STEEL WEEK IN BRIEF: Iron ore, seaborne coking coal extend losses, EU rebar export offers up, ThyssenKrupp/Tata sign MoU
Metal Bulletin reviews the major stories affecting the steel market over the past week.
Seaborne coking coal and iron ore prices fell again over the past week as market participants awaited the impact of winter production cuts on demand for the steelmaking raw materials.
Metal Bulletin’s cfr China Premium Hard Coking Coal Index stood at $199.87 per tonne on Friday September 22, down 5% from last Friday.
Metal Bulletin’s 62% Fe Iron Ore Index stood at $63.56 per tonne cfr China on Friday, down from $72.13 per tonne per tonne at the end of the previous week.
Turkish domestic scrap prices also continued to fall as demand for the material was weak and stocks high.
Metal Bulletin’s weekly price assessment for domestic auto bundle (DKP grade) scrap in Turkey was TRY1,100-1,220 ($320-354) per tonne delivered, down from TRY1,150-1,260 per tonne last week.
China’s largest ferrous scrap consumer Shagang trimmed its purchase price for the steelmaking raw material for the second time in less than a week, amid a softening steel market.
European rebar sellers raised their export offer prices over the past week amid strengthening demand from Algerian importers.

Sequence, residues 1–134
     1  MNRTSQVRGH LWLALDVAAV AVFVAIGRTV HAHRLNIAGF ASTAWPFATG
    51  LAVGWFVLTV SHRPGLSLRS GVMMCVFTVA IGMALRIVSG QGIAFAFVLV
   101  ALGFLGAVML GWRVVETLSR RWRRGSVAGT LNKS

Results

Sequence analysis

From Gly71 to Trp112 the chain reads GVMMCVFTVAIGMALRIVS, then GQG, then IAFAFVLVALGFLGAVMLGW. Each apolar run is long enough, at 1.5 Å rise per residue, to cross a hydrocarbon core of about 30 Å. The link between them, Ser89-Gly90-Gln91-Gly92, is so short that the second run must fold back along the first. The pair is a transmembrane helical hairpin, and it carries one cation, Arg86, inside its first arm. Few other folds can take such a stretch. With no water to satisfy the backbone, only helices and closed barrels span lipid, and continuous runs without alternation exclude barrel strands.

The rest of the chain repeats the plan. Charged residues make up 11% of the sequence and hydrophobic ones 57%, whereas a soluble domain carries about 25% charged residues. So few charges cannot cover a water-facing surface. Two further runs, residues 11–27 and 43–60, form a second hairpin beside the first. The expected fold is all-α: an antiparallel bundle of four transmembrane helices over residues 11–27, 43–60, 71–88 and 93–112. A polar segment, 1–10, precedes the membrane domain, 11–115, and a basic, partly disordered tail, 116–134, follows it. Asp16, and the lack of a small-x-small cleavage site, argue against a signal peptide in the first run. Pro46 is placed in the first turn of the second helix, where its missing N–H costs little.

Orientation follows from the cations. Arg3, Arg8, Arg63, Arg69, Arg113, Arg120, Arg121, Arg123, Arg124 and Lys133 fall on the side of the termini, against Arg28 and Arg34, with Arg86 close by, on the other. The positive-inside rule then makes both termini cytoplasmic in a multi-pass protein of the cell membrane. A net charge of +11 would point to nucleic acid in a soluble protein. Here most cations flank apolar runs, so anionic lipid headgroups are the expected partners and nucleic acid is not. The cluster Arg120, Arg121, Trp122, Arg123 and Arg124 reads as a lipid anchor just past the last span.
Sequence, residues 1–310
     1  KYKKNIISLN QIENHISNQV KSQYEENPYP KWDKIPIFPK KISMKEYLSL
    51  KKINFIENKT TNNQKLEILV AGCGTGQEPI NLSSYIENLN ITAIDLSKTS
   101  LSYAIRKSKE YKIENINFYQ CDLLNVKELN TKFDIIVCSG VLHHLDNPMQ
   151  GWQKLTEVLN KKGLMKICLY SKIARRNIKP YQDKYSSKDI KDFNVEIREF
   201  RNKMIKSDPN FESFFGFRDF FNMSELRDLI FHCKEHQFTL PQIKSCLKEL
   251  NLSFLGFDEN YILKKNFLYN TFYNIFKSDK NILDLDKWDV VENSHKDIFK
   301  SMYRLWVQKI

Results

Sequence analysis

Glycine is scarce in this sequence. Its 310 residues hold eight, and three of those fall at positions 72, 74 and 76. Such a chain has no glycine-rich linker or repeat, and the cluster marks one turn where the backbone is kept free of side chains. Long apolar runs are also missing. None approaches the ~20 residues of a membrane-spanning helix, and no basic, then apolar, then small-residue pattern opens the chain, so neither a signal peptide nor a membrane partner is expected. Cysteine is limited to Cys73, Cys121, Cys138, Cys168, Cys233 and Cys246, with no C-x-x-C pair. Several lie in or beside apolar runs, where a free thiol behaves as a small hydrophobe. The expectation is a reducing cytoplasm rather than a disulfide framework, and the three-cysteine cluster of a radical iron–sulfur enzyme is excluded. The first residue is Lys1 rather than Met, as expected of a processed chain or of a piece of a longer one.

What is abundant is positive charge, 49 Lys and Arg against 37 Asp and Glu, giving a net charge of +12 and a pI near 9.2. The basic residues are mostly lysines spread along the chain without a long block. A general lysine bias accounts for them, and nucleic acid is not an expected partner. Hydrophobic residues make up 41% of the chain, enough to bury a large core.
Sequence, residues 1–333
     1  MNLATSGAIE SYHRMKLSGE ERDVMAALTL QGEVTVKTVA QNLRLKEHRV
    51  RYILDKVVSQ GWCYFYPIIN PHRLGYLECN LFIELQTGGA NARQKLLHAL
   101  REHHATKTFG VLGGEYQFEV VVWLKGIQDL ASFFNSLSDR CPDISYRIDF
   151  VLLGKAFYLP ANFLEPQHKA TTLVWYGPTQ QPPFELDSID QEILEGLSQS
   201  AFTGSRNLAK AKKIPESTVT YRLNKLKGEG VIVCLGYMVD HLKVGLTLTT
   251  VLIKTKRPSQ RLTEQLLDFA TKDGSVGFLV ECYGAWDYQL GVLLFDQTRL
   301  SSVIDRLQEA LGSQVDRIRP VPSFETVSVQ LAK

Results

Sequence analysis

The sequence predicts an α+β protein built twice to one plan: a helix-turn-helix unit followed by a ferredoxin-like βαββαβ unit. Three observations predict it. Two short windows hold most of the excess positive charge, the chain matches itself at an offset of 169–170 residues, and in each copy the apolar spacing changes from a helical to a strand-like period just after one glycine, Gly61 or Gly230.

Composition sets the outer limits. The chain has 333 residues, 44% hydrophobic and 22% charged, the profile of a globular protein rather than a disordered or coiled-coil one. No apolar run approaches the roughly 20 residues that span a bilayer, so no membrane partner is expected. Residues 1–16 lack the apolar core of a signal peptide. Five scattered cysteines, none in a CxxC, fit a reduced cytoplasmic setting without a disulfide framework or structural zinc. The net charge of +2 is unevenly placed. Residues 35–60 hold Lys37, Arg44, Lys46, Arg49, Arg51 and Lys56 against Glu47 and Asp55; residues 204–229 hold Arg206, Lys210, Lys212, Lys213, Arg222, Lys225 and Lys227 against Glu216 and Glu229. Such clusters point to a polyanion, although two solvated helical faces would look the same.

Metal Bulletin’s export price assessment for Southern European rebar narrowed upwards by €5 per tonne week-on-week to €485-500 ($581-599) per tonne fob main ports, with offers and deals heard from Italy, Spain, and Greece
East China’s steel major Shagang lowered the price of its rebar for late September and raised its wire rod prices, while Turkey’s Kardemir opened its domestic long steel bar and billet sales at higher prices in the past week.
US-based Keystone Steel & Wire raised prices for all wire rod products by $40 per ton ($2 per hundredweight), for all shipments from October 2, driven by the graphite electrodes shortage.
Meanwhile, the USA’s biggest steelmaker, Nucor, lowered its base prices for most beam and merchant bar products on September 18, in response to low-priced imports.
Turkish long steel export prices continued to rise with stronger demand over the past week, but were expected to cool off in line with the fall in scrap prices.
Metal Bulletin’s weekly price assessment for rebar exports out of Turkey was $550-560 per tonne fob on an actual weight basis, up from $545-550 per tonne.
China’s plate export prices retreated over the past week after a further softening of the country’s domestic market.
Metal Bulletin’s weekly price assessment for November shipments of commercial-grade, chromium-added steel plate was $550-555 per tonne fob, down $5-10 per tonne.
In contrast, China’s export prices for cold rolled coil (CRC) and hot dipped galvanized (HDG) coil continued to strengthen, although the rate of increase slowed amid weakness in the country’s domestic market.
Metal Bulletin’s weekly price assessment for November shipments of SPCC 1mm CRC was $615-620 per tonne fob, up $5 per tonne from a week earlier.
China’s export prices for hot rolled coil (HRC) remained strong after 15 weeks of increases, although they appeared to be losing some momentum amid recent weakness in the country’s domestic market.